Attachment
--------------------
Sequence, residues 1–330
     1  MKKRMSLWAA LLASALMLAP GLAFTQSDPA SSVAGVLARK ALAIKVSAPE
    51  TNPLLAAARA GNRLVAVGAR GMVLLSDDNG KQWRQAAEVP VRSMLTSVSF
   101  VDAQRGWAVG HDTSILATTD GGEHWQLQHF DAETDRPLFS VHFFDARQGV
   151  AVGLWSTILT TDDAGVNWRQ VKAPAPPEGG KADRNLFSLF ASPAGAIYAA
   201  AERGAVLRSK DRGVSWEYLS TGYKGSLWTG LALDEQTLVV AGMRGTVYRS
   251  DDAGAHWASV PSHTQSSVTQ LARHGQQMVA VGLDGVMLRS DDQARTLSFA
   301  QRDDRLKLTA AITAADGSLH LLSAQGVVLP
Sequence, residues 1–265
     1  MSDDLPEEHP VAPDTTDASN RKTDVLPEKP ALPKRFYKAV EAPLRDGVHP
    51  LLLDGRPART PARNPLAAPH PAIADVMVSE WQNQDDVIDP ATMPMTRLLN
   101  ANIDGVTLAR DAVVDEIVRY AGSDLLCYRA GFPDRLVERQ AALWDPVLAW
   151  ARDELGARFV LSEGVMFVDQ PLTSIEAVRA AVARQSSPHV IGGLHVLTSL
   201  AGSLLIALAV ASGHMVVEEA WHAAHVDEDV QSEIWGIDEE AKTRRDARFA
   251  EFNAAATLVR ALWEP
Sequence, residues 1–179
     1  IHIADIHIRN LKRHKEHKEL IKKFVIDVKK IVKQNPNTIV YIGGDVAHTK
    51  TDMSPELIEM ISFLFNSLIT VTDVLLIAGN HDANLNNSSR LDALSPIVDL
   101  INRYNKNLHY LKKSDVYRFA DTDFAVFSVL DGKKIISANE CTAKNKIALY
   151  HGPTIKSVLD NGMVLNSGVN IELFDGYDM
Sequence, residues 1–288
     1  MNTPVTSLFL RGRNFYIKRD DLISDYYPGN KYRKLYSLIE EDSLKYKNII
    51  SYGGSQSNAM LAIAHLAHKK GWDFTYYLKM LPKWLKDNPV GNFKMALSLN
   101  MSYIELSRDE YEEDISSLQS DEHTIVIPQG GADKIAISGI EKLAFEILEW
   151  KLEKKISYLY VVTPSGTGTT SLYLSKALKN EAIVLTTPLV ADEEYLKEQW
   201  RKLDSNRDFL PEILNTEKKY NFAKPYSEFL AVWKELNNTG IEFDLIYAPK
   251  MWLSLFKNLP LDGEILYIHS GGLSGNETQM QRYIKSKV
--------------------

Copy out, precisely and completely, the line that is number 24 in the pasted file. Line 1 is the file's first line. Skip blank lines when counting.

   101  MSYIELSRDE YEEDISSLQS DEHTIVIPQG GADKIAISGI EKLAFEILEW